This poem is beautiful, heartbreaking, insightful, amazing.
A Good Day
– Kait Rokowski
Yesterday, I spent 60 dollars on groceries,
took the bus home,
carried both bags with two good arms back to my studio apartment
and cooked myself dinner.
You and I may have different definitions of a good day.
This week, I paid my rent and my credit card bill,
worked 60 hours between my two jobs,
only saw the sun on my cigarette breaks
and slept like a rock.
Flossed in the morning,
locked my door,
and remembered to buy eggs.
My mother is proud of me.
It is not the kind of pride she brags about at the golf course.
She doesn’t combat topics like, ”My daughter got into Yale”
with, ”Oh yeah, my daughter remembered to buy eggs”
But she is proud.
See, she remembers what came before this.
The weeks where I forgot how to use my muscles,
how I would stay as silent as a thick fog for weeks.
She thought each phone call from an unknown number was the notice of my suicide.
These were the bad days.
My life was a gift that I wanted to return.
My head was a house of leaking faucets and burnt-out lightbulbs.
Depression, is a good lover.
So attentive; has this innate way of making everything about you.
And it is easy to forget that your bedroom is not the world,
That the dark shadows your pain casts is not mood-lighting.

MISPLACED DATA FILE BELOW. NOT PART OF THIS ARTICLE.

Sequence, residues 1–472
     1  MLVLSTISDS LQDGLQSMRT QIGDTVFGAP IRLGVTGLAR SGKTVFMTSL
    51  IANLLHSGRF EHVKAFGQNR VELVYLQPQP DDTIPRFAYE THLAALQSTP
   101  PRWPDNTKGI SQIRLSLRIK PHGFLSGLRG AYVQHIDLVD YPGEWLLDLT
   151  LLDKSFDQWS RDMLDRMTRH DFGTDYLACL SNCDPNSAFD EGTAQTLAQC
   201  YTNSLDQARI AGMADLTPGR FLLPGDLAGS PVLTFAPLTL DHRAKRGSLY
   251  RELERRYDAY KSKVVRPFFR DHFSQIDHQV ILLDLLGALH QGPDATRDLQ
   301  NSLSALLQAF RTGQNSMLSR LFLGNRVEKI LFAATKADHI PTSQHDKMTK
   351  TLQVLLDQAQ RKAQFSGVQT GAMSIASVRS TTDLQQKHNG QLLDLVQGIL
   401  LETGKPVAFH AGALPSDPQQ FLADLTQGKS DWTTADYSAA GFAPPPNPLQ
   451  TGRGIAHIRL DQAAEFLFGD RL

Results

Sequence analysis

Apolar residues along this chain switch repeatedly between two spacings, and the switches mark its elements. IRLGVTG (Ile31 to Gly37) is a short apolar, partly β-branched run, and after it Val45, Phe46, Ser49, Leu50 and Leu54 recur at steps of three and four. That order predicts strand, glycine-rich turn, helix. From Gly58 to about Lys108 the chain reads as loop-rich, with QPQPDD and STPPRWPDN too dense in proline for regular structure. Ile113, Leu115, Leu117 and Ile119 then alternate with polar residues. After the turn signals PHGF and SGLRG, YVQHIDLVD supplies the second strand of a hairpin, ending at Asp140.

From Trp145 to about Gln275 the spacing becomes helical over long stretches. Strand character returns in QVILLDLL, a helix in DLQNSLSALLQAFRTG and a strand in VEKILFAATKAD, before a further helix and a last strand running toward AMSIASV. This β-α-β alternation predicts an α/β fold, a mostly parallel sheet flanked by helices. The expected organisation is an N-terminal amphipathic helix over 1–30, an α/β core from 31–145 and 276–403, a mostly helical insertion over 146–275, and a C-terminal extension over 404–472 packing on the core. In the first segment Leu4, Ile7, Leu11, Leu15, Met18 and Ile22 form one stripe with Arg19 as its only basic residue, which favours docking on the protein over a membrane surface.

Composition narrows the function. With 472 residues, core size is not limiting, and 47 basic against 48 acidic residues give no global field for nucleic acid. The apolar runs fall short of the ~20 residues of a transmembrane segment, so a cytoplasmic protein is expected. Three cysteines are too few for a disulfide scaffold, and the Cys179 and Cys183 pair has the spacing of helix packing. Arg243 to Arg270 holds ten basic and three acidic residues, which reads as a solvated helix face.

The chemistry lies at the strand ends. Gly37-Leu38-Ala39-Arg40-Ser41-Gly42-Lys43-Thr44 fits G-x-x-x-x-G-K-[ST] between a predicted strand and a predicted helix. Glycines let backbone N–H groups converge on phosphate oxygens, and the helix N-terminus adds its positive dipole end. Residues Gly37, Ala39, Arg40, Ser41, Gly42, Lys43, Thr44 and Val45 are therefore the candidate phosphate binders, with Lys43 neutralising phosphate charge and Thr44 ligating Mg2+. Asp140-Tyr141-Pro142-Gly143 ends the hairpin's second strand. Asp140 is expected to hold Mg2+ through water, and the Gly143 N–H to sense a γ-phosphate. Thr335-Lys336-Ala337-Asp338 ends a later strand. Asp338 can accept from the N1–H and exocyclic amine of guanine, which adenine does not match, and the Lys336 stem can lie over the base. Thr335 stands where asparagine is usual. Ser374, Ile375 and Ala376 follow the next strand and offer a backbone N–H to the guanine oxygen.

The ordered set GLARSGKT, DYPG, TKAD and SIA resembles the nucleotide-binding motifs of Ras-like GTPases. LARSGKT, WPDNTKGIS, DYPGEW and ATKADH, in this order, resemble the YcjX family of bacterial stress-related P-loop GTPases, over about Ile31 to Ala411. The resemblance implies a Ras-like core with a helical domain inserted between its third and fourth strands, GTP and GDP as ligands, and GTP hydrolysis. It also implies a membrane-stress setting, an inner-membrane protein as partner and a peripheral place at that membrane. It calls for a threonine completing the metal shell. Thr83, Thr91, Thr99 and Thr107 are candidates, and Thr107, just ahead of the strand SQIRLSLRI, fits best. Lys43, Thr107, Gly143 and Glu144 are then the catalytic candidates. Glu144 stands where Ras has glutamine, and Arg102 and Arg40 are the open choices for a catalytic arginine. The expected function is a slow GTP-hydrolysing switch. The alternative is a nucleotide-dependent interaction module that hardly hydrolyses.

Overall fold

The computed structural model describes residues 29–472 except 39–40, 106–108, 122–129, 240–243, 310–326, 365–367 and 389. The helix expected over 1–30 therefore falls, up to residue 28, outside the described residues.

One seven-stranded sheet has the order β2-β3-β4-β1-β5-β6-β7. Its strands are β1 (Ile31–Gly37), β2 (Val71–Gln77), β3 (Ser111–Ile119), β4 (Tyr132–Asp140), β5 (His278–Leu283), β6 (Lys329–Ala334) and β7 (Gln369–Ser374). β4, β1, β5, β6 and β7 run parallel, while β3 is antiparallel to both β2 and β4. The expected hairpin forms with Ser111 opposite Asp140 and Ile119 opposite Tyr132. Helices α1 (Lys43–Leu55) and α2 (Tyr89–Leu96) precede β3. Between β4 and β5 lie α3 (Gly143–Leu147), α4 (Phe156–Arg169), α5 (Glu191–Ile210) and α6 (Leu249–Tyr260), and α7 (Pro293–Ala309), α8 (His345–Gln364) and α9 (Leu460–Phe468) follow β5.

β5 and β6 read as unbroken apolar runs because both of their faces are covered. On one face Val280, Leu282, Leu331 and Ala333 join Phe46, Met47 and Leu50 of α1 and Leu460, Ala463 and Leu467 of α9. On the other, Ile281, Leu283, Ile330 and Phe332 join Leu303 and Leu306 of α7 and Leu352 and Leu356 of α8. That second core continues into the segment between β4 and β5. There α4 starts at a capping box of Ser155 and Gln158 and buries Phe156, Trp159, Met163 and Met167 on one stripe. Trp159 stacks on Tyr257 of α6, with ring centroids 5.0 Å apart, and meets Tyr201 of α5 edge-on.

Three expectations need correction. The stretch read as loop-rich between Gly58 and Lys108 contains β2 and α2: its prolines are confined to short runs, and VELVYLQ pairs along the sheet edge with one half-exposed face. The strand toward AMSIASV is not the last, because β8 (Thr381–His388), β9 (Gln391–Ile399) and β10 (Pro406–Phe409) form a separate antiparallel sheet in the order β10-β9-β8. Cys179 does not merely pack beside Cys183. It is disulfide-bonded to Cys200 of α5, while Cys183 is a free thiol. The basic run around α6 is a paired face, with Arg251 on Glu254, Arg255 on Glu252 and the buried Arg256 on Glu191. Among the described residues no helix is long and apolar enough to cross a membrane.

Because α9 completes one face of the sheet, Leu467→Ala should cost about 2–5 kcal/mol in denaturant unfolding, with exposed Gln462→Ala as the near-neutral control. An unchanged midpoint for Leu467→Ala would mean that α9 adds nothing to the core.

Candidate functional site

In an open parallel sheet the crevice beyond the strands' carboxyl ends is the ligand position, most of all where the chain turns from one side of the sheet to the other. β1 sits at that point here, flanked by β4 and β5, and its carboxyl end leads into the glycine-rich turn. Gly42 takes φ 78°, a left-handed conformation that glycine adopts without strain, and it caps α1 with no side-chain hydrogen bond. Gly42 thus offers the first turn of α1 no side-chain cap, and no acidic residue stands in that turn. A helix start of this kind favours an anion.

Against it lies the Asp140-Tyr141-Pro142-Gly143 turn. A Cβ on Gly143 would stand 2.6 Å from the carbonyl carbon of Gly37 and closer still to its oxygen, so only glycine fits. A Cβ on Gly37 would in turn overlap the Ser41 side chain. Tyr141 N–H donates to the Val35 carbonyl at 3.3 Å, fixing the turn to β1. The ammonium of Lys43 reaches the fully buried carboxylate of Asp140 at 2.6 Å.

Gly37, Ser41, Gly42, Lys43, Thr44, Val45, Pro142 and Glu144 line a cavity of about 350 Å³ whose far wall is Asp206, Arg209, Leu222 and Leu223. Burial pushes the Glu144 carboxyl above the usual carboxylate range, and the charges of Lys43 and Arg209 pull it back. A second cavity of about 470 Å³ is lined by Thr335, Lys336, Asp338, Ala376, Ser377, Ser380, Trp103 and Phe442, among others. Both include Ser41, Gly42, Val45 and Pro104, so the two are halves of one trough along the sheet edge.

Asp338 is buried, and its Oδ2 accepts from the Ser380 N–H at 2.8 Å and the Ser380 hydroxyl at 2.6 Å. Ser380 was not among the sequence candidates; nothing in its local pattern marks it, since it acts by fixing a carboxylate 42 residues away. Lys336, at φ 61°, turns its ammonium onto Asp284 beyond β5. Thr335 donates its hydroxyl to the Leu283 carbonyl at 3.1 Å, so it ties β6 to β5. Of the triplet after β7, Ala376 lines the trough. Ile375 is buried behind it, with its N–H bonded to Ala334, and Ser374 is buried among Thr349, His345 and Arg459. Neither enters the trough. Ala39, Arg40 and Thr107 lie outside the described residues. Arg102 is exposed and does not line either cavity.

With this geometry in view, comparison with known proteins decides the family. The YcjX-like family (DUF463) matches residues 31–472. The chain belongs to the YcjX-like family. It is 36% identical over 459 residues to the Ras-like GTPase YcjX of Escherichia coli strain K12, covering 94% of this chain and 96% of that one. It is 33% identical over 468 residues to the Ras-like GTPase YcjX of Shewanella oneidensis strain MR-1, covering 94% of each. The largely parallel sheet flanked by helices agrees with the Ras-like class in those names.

It is easier to stay in this abusive relationship than fix the problems it has created.
Today, I slept in until 10,
cleaned every dish I own,
fought with the bank,
took care of paperwork.
You and I might have different definitions of adulthood.
I don’t work for salary, I didn’t graduate from college,
but I don’t speak for others anymore,
and I don’t regret anything I can’t genuinely apologize for.
And my mother is proud of me.
I burned down a house of depression,
I painted over murals of greyscale,
and it was hard to rewrite my life into one I wanted to live
But today, I want to live.
I didn’t salivate over sharp knives,
or envy the boy who tossed himself off the Brooklyn bridge.
I just cleaned my bathroom,
did the laundry,
called my brother.
Told him, “it was a good day.”
For more information on Kait Rokowski, please click here.
This poem takes my breath away.
– Ada Limon
After the birthing of bombs of forks and fear,
the frantic automatic weapons unleashed,
the spray of bullets into a crowd holding hands,
that brute sky opening in a slate metal maw
that swallows only the unsayable in each of us, what’s
left? Even the hidden nowhere river is poisoned
orange and acidic by a coal mine. How can
you not fear humanity, want to lick the creek
bottom dry to suck the deadly water up into
your own lungs, like venom? Reader, I want to
say, Don’t die. Even when silvery fish after fish
comes back belly up, and the country plummets
into a crepitating crater of hatred, isn’t there still
something singing? The truth is: I don’t know.
But sometimes, I swear I hear it, the wound closing
like a rusted-over garage door, and I can still move
my living limbs into the world without too much
pain, can still marvel at how the dog runs straight
toward the pickup trucks break-necking down
the road, because she thinks she loves them,
because she’s sure, without a doubt, that the loud
roaring things will love her back, her soft small self
alive with desire to share her goddamn enthusiasm,
until I yank the leash back to save her because
I want her to survive forever. Don’t die, I say,
and we decide to walk for a bit longer, starlings
high and fevered above us, winter coming to lay
her cold corpse down upon this little plot of earth.